As yet another nostalgic live-action treatment of an old television cartoon series, George of the Jungle didn’t have much going for it. The key asset of the klutzy Tarzan-wannabe was his catchy theme song. However, by sticking with the offbeat wit of the original series, the current George of the Jungle, while not a masterpiece by any means, manages at times to be pretty funny.
For those unfamiliar with the cartoon, or the Tarzan legend for that matter, here’s a quick recap. As a baby, George (Brendan Frasier) was lost in the jungle, where an intelligent talking ape named Ape (John Cleese) raised him to be Lord of the Jungle. Unfortunately, George isn’t very bright and tends to be accident prone (often swinging on vines into trees or other hard objects). Keeping him company in the jungle are his faithful companions, peanut-loving-poochie Shep (an elephant who thinks he’s a dog), and George’s messenger-toucan, Tookie-bird.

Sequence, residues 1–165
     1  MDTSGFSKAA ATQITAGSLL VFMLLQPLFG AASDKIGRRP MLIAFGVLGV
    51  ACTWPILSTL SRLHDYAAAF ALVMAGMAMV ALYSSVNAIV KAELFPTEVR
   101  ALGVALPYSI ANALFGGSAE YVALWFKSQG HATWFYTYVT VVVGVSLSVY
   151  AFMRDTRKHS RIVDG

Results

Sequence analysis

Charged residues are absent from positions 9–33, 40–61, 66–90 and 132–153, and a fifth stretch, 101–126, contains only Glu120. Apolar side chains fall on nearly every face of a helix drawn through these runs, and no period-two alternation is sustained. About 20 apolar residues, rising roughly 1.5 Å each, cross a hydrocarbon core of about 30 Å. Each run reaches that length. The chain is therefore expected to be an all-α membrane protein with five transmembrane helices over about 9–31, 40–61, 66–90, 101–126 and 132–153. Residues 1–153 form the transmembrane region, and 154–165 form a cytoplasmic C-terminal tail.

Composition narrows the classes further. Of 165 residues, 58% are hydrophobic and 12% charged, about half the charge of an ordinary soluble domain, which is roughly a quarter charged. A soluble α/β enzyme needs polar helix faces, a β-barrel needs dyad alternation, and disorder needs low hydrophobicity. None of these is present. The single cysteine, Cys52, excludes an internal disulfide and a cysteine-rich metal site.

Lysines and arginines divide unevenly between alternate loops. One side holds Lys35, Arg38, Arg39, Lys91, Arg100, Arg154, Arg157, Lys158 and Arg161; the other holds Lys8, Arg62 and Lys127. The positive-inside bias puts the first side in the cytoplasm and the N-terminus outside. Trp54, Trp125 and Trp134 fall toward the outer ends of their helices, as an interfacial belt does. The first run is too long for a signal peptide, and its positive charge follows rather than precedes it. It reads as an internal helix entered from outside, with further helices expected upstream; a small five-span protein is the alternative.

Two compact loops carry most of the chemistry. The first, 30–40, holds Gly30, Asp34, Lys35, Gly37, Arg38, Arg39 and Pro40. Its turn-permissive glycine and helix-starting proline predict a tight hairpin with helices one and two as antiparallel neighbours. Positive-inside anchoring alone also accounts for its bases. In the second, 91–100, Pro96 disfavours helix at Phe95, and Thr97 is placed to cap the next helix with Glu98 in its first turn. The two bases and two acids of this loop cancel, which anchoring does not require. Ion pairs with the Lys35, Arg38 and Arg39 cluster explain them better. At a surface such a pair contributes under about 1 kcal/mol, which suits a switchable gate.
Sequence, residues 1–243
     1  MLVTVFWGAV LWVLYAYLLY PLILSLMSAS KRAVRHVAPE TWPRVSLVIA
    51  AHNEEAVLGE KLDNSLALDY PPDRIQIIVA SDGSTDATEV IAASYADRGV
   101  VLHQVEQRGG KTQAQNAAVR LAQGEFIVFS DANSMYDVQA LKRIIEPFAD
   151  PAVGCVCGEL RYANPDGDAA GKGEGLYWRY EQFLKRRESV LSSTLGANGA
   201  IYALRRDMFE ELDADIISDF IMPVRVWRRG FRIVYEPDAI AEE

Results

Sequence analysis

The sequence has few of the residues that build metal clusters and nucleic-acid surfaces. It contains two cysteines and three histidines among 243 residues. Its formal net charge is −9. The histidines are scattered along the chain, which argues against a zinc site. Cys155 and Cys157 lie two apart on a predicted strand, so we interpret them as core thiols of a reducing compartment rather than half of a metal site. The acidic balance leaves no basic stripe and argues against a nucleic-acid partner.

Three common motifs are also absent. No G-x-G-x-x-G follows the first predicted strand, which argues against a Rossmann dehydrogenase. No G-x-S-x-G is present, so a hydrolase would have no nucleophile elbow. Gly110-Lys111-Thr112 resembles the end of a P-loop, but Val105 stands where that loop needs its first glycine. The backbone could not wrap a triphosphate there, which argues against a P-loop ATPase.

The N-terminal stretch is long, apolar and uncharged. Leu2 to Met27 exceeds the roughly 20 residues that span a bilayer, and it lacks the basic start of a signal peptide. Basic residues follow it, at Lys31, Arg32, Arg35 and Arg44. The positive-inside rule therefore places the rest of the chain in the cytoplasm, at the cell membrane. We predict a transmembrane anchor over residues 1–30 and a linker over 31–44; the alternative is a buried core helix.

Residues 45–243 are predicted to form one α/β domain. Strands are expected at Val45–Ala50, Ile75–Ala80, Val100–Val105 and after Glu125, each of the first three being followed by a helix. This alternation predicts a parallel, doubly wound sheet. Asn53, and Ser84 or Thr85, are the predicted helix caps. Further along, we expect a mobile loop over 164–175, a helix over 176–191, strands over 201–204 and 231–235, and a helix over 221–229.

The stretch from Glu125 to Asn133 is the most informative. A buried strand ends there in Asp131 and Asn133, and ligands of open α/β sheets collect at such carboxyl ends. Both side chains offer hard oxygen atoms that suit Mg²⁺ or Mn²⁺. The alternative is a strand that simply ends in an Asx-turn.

The film details George’s meeting with Ursula (Leslie Mann), a San Francisco heiress on a jungle trip before her wedding to the smarmy Lyle (Thomas Hayden Church). Ursula gets separated from her jungle party, and meets up with the “white ape” himself, George. Of course, Lyle sets out to find her and to prove that he’s better than any white ape.
Frasier cruises through his role as George, having conquered the loincloth-clad Neanderthal bit with Encino Man. He’s genial and dense in the role, just as called for. Leslie Mann is appropriately wide-eyed as Jane, oops…that’s Ursula (by the way, there’s no mention of Ursula’s identical twin, who was also featured in the cartoon series).
George of the Jungle manages to capture the irreverent wit of the tv show from the incessant narration to the panting elephant Shep. John Cleese is perfectly cast as the ape named Ape, George’s superior in everything except evolution. Some of the jokes are obvious, but they’re staged well, and most succeed.
However, even with its relatively short running time, the film does begin to bog down. By the time it is done, you will have had more than your fill of “Watch out for that tree!” gags. And the film panders to the Dumb and Dumber set with a bit too much bodily function humor.
Still, with a film based on a cartoon (and not a terribly highbrow one at that), you don’t expect much…and George at least delivers that, and then some.